Long-term and heavy applications of phosphatic fertilizers may result in an increase of uranium (U), thorium (Th), and lanthanoids (La to Lu in atomic number) levels in soils because phosphate rock usually contains relatively high amounts of these elements. The purpose of this paper is to clarify the behavior and distribution of U, Th, and lanthanoids in paddy fields. Under flooded conditions, virtually all of the water soluble U, Th, and lanthanoids in the fertilizers were adsorbed by paddy soils after the application. The runoff and deep percolation of these elements from paddy fields to river water and groundwater were found to be negligible. It is calculated that when 600 kg of calcium superphosphate containing 85.2 mg/kg of U, is added annually per hectare, the amount of U added to the soil comes to be 49 g per hectare per year. The transfer factors of U, Th, and lanthanoids from soil to unhusked rice were in the range of 2.2×10-5 (Nd) -2.9×10-4 (Th) . The concentration of U in various organs of rice plant was lower than that of Th.
Radon-222 in ground water was measured in Tokyo and the vicinity. Radon concentrations were in the range of 0-45 Bq/l. The average concentration was 8±11 Bq/l, and was equivalent to the concentration level of ground water in sedimentary soil. Typical concentrations were 3 Bq/l in alluvial low land, 6 Bq/l in diluvial upland, 12 Bq/l in alluvial fan on Musashino platform, 21 Bq/l along Tachikawa fault, and 16Bq/l along Arakawa fault.
Collective dose equivalent and population dose from occupational exposures in Japan, 1988 were estimated on the basis of a nationwide survey. The survey was conducted on annual collective dose equivalents by sex, age group and type of radiation work for about 0.21 million worker except for the workers in nuclear power stations. The data on the workers in nuclear power stations were obtained from the official report of the Japan Nuclear Safety Commission. The total number of workers including nuclear power stations was estimated to be about 0.26 million. Radiation works were subdivided as follows: medical works including dental; monatomic energy industry; research and education; atomic energy industry and nuclear power station. For the determination of effective dose equivalent and population dose, organ or tissue doses were measured with a phantom experiment. The resultant doses were compared with the doses previously calculated using a chord length technique and with data from ICRP publications. The annual collective effective dose equivalent were estimated to be about 21.94 person·Sv for medical workers, 7.73 person·Sv for industrial workers, 0.75 person·Sv for research and educational workers, 2.48 person·Sv for atomic energy industry and 84.4 person·Sv for workers in nuclear power station, respectively. The population doses were calculated to be about 1.07 Sv for genetically significant dose, 0.89 Sv for leukemia significant dose and 0.42 Sv for malignant significant dose, respectively. The population risks were estimated using these population doses.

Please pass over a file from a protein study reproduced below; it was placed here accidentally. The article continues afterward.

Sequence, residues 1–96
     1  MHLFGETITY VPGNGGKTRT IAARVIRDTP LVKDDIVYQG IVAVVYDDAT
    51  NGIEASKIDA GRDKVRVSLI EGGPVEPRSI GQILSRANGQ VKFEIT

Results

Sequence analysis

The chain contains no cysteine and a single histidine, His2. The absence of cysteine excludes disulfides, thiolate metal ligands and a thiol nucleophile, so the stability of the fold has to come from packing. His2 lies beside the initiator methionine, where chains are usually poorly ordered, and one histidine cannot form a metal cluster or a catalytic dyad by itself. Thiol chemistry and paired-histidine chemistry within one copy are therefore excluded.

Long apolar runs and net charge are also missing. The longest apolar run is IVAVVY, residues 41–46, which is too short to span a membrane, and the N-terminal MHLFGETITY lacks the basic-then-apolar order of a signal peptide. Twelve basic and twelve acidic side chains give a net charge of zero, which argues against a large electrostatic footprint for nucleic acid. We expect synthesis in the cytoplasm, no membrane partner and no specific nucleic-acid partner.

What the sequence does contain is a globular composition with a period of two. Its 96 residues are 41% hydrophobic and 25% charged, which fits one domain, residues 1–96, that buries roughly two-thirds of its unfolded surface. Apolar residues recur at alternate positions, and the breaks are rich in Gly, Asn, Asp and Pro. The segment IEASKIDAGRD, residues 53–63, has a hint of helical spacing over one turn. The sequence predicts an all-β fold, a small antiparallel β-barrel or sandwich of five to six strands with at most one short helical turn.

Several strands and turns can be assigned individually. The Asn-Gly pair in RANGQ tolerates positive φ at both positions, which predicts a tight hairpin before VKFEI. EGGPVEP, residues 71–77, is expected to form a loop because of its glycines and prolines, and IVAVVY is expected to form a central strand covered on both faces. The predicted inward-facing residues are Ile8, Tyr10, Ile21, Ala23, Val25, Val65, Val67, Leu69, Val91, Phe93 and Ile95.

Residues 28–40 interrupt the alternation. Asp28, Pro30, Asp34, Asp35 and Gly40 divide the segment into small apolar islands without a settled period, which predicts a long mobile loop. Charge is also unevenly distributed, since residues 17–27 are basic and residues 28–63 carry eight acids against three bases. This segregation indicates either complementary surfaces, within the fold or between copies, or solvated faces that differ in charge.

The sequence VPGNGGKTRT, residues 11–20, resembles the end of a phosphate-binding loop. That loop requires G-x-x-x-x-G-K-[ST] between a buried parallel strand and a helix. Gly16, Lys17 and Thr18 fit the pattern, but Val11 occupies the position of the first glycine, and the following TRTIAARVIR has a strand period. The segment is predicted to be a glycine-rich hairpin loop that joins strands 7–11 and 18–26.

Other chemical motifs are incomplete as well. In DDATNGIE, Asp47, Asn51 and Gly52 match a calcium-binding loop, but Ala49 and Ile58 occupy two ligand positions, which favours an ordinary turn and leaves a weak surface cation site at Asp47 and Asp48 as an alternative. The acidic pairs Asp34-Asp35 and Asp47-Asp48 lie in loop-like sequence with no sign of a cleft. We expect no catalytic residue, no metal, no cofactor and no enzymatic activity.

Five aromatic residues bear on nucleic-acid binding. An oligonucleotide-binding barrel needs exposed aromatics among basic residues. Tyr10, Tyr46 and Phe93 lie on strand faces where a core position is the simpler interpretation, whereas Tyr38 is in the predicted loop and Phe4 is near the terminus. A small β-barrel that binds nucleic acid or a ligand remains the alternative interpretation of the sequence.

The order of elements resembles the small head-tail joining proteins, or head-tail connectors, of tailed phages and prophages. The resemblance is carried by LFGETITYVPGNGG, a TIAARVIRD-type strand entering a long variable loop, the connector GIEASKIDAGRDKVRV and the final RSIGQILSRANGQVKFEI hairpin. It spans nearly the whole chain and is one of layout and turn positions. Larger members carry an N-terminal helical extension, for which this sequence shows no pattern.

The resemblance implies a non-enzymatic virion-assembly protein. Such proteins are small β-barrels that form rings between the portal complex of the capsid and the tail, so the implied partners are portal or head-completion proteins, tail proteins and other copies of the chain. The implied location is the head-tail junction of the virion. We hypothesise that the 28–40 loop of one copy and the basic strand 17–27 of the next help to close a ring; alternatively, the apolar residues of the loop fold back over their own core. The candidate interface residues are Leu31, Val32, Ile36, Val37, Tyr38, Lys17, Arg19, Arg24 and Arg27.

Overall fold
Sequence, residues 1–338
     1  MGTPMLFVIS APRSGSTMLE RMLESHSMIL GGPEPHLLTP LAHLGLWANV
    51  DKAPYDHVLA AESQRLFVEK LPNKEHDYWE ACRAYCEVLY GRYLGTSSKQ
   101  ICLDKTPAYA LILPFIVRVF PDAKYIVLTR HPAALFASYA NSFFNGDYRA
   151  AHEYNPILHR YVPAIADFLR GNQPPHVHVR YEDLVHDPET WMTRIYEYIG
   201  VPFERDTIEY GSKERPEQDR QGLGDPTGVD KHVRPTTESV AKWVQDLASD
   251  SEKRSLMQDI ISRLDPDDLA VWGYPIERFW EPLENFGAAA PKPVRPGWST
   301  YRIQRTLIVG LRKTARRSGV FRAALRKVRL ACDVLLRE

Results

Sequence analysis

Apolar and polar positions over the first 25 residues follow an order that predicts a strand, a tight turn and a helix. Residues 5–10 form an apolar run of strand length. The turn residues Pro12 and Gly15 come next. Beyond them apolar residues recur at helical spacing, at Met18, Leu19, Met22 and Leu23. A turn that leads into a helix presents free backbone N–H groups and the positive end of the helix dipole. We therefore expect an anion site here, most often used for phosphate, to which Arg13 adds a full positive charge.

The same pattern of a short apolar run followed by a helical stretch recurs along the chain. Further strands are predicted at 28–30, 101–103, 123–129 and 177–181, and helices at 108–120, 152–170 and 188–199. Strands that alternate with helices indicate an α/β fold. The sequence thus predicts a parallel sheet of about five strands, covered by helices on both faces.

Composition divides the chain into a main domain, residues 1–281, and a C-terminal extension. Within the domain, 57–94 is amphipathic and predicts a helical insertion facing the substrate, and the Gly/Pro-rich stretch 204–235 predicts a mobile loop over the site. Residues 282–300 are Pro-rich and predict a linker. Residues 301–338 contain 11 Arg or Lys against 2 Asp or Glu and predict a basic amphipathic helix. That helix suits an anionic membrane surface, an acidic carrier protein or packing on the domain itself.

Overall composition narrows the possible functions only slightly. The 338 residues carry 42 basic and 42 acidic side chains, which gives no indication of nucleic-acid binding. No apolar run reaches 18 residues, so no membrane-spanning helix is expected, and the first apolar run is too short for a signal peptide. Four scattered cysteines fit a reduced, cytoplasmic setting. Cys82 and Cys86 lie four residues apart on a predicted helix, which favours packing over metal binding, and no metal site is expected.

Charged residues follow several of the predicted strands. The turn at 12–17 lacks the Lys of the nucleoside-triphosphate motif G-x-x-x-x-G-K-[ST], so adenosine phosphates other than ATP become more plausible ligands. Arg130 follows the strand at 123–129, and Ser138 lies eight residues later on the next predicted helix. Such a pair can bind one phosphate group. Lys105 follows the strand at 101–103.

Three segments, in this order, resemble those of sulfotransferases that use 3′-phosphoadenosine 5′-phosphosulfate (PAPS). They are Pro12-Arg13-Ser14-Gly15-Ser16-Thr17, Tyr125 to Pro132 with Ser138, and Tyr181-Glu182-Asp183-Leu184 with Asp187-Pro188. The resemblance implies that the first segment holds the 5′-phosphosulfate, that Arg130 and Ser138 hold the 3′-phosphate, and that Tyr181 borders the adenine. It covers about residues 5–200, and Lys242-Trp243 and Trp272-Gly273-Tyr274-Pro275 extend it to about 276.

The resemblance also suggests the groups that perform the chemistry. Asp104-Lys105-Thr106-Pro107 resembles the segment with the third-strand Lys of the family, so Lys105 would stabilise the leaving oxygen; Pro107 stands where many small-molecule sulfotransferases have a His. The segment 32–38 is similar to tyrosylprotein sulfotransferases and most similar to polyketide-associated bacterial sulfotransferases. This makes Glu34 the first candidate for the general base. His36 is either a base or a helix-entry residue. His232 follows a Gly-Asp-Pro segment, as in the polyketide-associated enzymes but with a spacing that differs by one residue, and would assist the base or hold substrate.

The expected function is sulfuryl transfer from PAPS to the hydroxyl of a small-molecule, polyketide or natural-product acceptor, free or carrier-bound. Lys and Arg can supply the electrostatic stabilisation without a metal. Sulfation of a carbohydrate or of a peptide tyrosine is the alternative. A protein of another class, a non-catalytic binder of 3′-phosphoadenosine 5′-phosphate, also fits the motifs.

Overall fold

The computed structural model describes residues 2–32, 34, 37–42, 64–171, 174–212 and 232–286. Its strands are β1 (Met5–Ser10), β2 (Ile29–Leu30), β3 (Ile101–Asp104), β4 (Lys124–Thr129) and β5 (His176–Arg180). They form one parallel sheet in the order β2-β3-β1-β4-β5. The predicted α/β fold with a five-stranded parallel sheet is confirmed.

In order to estimate the availability of zeolite, one of the inorganic ion exchangers, as an eliminator for the incorporated radionuclides, wholebody retention of intraperitoneally administrated54Mn and65Zn was measured in mice fed a zeolite-added diet at 10 per cent. Wholebody retention of54Mn and65Zn was decreased significantly faster than control, and the biological half-life of them was also reduced to 11.3 and 12.7 days, respectively, from 14.1 and 16.8 days in controls. The results suggest that oral administration of zeolite is effective to eliminate the incorporated54Mn and65Zn, and if it is used in combination with the chelation therapy of DTPA, it will be more effective.